Biathlon is not a mainstream sport in the United Kingdom. As a matter of fact most people don’t even know what biathlon is. Essentially, it’s cross-country skiing combined with rifle shooting.
At the 2018 Winter Olympics in PyeonChang, Amanda Lightfoot — Great Britain’s sole women representative in biathlon — skied faster than she had ever skied before, but her shooting let her down in incredibly windy conditions.
Her 67th and 73rd place finishes did not reflect her level, and she was gutted by her results. However, the odds of her having competed at her second Olympics by the age of 31 were minuscule when you consider that she didn’t start skiing until the age of 19, having been brought up in South Shields — not exactly a hotbed for winter sports.
“We don’t really get that much snow. There’s never enough to go skiing and I was not fortunate enough to go away on skiing or family holidays,” she told the Sports Gazette.
When Lightfoot finished school at the age of 16, she followed in her brother’s footsteps and joined the British Army. It changed her life in many ways, not least because it provided her with the opportunity to try skiing for the first time.
“It was a massive life change. My first time on a train was joining the Army, my first time on a plane was to my first Army destination. I loved it straight away,” added Lightfoot, who is a Sergeant Clerk in the Adjutant General’s Corps.
Her first time skiing was also with the Army. Indeed, at the age of 19 Lightfoot went on an adventure training opportunity in Norway. She struggled at first because she had to learn how to ski while simultaneously carrying a rifle on her back.
When asked if it was love at first sight she said: “I can’t tell I loved it instantly because I fell over a lot of times.
“I spent a lot of days just trying and trying, falling down and getting back up again.”
After her trip to Norway, Lightfoot participated in the Biathlon British Championship as a novice, and won 11 gold medals — or in other words, she won every event she competed in. Her performance did not go unnoticed. She was put on a developmental program under the Army discretion in Kinloss, Scotland, where she learned and solidified the fundamentals needed for biathlon.
“The Army is a way in which you can be supported, not many people are aware of biathlon in the United Kingdom, so it’s very hard to find sponsors for a sport that you are already behind in.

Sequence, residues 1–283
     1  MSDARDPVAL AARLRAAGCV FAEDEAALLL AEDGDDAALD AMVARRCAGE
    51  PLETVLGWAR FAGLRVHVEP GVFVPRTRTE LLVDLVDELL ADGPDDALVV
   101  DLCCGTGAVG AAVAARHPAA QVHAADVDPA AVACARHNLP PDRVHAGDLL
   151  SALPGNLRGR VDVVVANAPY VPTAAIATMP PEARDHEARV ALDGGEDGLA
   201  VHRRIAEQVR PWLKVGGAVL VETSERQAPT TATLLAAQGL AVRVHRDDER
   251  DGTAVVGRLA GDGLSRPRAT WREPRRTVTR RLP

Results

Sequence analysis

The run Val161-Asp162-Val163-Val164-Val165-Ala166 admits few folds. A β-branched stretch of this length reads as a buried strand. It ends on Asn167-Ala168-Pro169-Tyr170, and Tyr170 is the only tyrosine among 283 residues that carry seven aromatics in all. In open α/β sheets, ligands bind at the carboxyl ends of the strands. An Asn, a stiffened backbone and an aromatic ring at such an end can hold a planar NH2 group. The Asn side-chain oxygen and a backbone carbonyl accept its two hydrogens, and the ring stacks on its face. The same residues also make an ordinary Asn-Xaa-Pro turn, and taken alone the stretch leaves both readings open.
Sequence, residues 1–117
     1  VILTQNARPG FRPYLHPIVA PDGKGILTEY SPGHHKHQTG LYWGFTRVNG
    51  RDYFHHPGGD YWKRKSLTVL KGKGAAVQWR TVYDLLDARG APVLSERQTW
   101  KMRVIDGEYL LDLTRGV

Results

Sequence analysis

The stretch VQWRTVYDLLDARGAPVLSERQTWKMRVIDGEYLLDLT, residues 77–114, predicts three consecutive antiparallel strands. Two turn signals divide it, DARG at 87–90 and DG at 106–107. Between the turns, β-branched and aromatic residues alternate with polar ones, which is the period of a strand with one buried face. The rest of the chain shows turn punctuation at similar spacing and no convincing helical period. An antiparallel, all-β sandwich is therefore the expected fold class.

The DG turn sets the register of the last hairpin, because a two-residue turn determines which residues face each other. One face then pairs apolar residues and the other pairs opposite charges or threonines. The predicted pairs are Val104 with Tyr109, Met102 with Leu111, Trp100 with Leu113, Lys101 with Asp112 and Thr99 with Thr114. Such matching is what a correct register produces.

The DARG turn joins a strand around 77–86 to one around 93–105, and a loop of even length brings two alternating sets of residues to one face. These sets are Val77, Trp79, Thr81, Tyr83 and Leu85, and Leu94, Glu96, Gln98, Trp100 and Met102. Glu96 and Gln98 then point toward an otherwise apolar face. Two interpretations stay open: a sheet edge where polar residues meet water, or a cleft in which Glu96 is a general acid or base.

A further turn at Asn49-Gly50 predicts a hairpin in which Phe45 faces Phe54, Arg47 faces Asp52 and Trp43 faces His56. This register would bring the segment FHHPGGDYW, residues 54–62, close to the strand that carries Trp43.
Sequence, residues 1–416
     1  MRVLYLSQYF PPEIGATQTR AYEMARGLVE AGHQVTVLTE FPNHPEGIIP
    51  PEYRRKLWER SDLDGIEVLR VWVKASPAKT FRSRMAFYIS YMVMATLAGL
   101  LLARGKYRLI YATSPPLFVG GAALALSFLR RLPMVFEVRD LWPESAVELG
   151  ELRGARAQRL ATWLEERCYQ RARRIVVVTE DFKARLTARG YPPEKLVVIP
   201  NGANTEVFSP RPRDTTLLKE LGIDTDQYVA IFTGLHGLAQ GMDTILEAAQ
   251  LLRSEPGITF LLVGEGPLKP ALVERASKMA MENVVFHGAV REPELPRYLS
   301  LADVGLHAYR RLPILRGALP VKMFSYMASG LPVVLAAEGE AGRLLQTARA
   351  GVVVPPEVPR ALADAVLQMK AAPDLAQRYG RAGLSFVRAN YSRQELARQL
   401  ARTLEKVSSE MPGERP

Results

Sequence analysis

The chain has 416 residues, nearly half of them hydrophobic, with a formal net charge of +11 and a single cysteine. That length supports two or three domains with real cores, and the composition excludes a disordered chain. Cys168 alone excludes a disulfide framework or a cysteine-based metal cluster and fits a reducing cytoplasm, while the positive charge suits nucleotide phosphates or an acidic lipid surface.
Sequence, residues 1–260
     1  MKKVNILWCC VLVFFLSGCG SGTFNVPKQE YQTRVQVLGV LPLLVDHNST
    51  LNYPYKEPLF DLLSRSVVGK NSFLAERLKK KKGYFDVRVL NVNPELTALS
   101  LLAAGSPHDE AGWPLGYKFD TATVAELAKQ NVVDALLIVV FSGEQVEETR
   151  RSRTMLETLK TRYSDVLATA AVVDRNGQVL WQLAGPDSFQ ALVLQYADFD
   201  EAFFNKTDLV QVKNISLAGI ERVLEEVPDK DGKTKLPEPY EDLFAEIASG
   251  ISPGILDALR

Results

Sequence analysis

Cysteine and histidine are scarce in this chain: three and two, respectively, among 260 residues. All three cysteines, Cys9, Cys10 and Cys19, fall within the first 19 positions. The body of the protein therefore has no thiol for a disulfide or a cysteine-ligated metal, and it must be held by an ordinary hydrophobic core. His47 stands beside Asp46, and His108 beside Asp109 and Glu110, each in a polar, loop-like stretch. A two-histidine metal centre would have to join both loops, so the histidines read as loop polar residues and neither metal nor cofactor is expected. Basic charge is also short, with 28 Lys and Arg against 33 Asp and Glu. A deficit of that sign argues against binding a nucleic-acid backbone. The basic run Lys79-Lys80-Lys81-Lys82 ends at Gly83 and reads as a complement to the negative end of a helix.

“I don’t think I would have been able to have a career in sports without the Army.“
Although Lightfoot benefits from the Army’s support during the Biathlon World Cup, she has to self-fund all of her expenses, such as buying her own skis and equipment, or paying for her travels.
In fact, getting sponsors is an arduous task. “For every one hundred company you apply to, you might only get two yeses.”
At the moment, Lightfoot’s only sponsorship deal is with Totum sport, who provide her with much needed nutritional product before and during training. However, to further her career she desperately needs financial sponsorship.
“British biathlon need a massive sponsor. You’re talking £50,000 to £70,000 a year in sponsorship to get the team up and running to compete with the big national teams.”
The countries she’s referring to are the Nordic countries, plus the likes of Germany and France.
To add to Lightfoot’s frustration she will not be able to fully participate in the full biathlon season which resumes at the end of November. This is because she could not train properly during the summer and had to return to Dishforth, North Yorkshire, for regimental duty.
“I’m trying to work out how we can mix both the Army and my sport in the future together.”
Lightfoot hopes to rejoin the biathlon circuit in February or March, but by then she will have missed at least three quarters of the season. The sense of disappointment is even more palpable, especially since she has made such strong progress over the last three years.
In the 2016/17 season, she finished 32nd in the Individual event at the World Championships in Hochfilzen, Austria. Last season, she finished 31st in that same discipline at a World Cup Stage in Ostersund, Sweden — her personal best to date.
After the 2014 Olympics in Sochi, Lightfoot met with Wolfgang Pichler, a renowned biathlon coach. He noticed she was missing two key ingredients to reach her full potential: belief in herself and an appropriate training routine.
“The hardest part with starting twenty years behind someone else is believing in yourself. It took a lot of years for me to believe that I can be as good as these guys, and that I can beat these guys.
“[Pichler] had belief in me that I could be better than what I was. Having someone believe in me was like wow! In my head, he’s one of the best coaches in the world.”
Over the past couple of off-seasons, Lightfoot joined the Swedish national team for training — they are also coached by Pichler. Lightfoot benefited by training with one of the best biathlon teams in the world because she could learn from their strengths and weaknesses.
“That was absolutely amazing. For the motivation, for the training, it was a really good boost. They are a fantastic team.”
The fact that Lightfoot has to sit out most of this year will not stop her from continuing her career in biathlon. One of her objectives is to participate in her third Winter Olympics in 2022 in Beijing, China, but there are still hurdles to overcome.
“It depends on all the decisions with the military at the moment, how we go forward from here, because I need to be training a lot more than I have been able to access this summer.
“In biathlon you have to train like six hours a day, six days a week. Mix that with a full-time job and it’s going to be very difficult.”
Featured photograph/©MLaponder – Amanda Lightfoot